That universal stability, I believe, is only to be found ultimately in union with the See of Peter. Any Catholicism separated from Peter must be incomplete, and I believe it is incumbent upon Catholic-Anglicans once again to rekindle the ecumenical endeavour, which has been allowed to give way in preference to what could be described as our local concerns.

After all the upheavals of the last few years, Catholics who find themselves remaining in the Church of England now have a unique vocation to continue witnessing to catholic truth and to seek a fuller catholic identity for our beloved church. This can only be done, I suggest, through a renewed commitment to bring it into greater unity with that part of the Church from which it was hewn. The waters may have been muddied of late, but the C of E remains the catholic church in this land and continues to claim to be of the one holy, catholic, and apostolic church of Christ throughout the world.

‘The future must lie with Catholicism’, to use the words of Archbishop John Hapgood. And indeed we must look to the rock from which we were hewn. Augustine was Gregory’s man. To this end, so recently, we have seen published the latest ARCIC Report entitled the ‘Gift of Authority’ – calling as it does for a fresh study on the part of all Christians on the place of the Bishop of Rome and for all once again to become in communion with the Apostolic See of Peter. It is a controversial report and one which, as we have already witnessed in the press, many Anglicans will find difficult to receive. As Catholics within the Church of England, we must see this document for what it is – a gift – it is a gift to us to enable us to rekindle this ecumenical vision for the stability of the catholic church.

And let’s be quite clear about it – if we, as Catholic-Anglicans, do not run with it, no-one else will. Indeed, we must lead the way. The report will have far-reaching consequences and will be with us for a very long time to come. It is part of a whole series of reports on the ministry, the Eucharist, where agreement has already been reached. What is now holding us back?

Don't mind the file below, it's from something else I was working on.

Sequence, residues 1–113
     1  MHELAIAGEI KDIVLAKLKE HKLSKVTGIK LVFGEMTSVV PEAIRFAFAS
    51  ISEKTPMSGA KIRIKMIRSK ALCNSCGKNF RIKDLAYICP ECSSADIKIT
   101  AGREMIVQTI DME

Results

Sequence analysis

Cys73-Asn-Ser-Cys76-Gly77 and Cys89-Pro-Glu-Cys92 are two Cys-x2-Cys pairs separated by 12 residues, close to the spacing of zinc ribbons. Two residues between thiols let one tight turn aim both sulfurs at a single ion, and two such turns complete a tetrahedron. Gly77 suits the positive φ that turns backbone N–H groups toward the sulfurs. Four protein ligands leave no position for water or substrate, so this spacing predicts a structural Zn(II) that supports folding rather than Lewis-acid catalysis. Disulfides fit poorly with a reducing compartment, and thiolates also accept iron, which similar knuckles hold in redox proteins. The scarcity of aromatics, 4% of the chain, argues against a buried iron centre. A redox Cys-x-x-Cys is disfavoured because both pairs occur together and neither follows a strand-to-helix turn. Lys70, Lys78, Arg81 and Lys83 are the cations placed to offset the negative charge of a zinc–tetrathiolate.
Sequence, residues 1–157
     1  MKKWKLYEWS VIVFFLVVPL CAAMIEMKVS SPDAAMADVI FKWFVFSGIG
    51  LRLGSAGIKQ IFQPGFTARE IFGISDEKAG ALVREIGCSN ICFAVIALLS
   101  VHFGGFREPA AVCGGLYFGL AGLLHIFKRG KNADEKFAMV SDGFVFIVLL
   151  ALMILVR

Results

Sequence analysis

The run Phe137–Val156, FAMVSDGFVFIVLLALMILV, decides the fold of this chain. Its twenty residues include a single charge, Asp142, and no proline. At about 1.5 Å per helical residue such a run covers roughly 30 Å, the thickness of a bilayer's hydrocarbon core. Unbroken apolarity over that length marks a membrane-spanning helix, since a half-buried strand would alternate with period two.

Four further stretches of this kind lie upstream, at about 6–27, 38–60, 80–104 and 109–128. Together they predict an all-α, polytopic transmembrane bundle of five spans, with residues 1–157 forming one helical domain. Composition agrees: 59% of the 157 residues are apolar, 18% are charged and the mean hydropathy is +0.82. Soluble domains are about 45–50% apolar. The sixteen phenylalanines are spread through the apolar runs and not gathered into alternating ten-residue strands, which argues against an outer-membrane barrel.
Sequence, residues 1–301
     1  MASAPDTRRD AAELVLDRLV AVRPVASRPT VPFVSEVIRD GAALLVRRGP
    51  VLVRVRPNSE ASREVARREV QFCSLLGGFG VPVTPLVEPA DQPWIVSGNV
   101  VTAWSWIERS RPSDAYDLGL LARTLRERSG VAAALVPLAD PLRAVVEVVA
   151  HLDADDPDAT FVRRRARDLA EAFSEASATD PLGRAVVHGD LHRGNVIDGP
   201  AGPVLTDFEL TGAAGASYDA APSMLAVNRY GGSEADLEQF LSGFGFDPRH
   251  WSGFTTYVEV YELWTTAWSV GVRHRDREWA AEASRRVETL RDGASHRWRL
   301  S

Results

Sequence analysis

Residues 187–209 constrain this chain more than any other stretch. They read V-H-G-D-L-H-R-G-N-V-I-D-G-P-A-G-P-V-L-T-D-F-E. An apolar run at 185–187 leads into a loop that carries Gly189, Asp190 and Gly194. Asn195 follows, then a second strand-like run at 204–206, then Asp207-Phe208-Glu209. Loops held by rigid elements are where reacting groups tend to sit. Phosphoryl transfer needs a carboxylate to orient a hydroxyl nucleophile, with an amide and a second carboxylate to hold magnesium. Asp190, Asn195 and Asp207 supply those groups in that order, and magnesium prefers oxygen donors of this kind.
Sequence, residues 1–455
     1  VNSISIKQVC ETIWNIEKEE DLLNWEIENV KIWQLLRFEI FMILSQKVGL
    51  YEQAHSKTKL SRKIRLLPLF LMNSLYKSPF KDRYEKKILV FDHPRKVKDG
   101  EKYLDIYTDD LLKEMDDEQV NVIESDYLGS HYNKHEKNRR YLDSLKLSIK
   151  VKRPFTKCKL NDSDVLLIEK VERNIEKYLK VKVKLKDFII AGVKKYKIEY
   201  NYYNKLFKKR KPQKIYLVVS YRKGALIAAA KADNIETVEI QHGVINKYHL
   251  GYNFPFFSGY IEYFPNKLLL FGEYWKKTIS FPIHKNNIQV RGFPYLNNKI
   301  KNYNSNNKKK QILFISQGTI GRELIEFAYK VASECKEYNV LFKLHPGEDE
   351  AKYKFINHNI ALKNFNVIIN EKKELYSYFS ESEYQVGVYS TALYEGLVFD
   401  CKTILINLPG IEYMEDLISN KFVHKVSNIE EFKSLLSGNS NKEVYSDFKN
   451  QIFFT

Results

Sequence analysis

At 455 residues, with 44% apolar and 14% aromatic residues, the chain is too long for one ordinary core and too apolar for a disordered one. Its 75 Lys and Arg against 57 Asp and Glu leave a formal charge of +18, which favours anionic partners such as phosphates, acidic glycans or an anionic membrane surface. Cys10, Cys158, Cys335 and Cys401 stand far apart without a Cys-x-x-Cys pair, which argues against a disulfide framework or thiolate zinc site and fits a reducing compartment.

Our concern must be for a fully and truly catholic church in this land, validated by the Gospel, upheld by the tradition, stabilised by the rock of authority and obedience, sanctified through prayer, fed by the Sacraments, and ministered to by a catholic priesthood and episcopate. Above all, it must be populated by a faithful ‘laos’ – a faithful people of God – so completely imbued by the presence of the living Lord that all may be one and all may believe. The High Priestly prayer of Jesus is still to be achieved and is within our grasp. I pray that they may all be one. Father, may they be in us, just as you are in me and I am in you. May they be one, so that the all the world will believe that you sent me.

John Henry Newman said, ‘The Church gains nothing by sitting still. I am sure the apostles did not sit still.’ and ‘To change is to live, to live is to change. To be perfect means to have changed often.’ Our Church must be prepared to undergo many changes, if this unity is to come about, but never to lose its stability in the rock which is Christ.

Brothers and sisters, you and I are called today to witness to catholic truth as the Church of England has received it, and to work with renewed vigour for the healing of Christ’s broken body. There are many obstacles still to be overcome. There will be things we love which we will lose; there can be no gain without loss. There will be times when we feel threatened and will be upset, but we will never lose heart. Many shopping cities are still to be visited, where we will pick and choose according to our own tastes. But remember the menu is not a la carte, it is a table d’hote, a full menu, a complete menu, giving us all that is necessary for salvation – a meal that will satisfy indeed until we are brought to that heavenly banquet where food will be needed no more. For then our goal will be achieved, our quest over, and our unity complete. The John Lewis cathedrals of our present age will crumble as we rediscover our real cathedral – the rock from which we are hewn, even Jesus Christ.

As T.S. Eliot wrote

‘We shall cease from exploration.
And the end of all our exploring
will be to arrive where we started
and know the place for the first time.’

The prayer of Jesus will have been answered. In God’s time, and in God’s way it will be fulfilled – and it will be truly a vision glorious – Amen.

David Houlding is Master of the Society of the Holy Cross. This Homily was preached at Evensong at the 1999 Glastonbury Pilgrimage.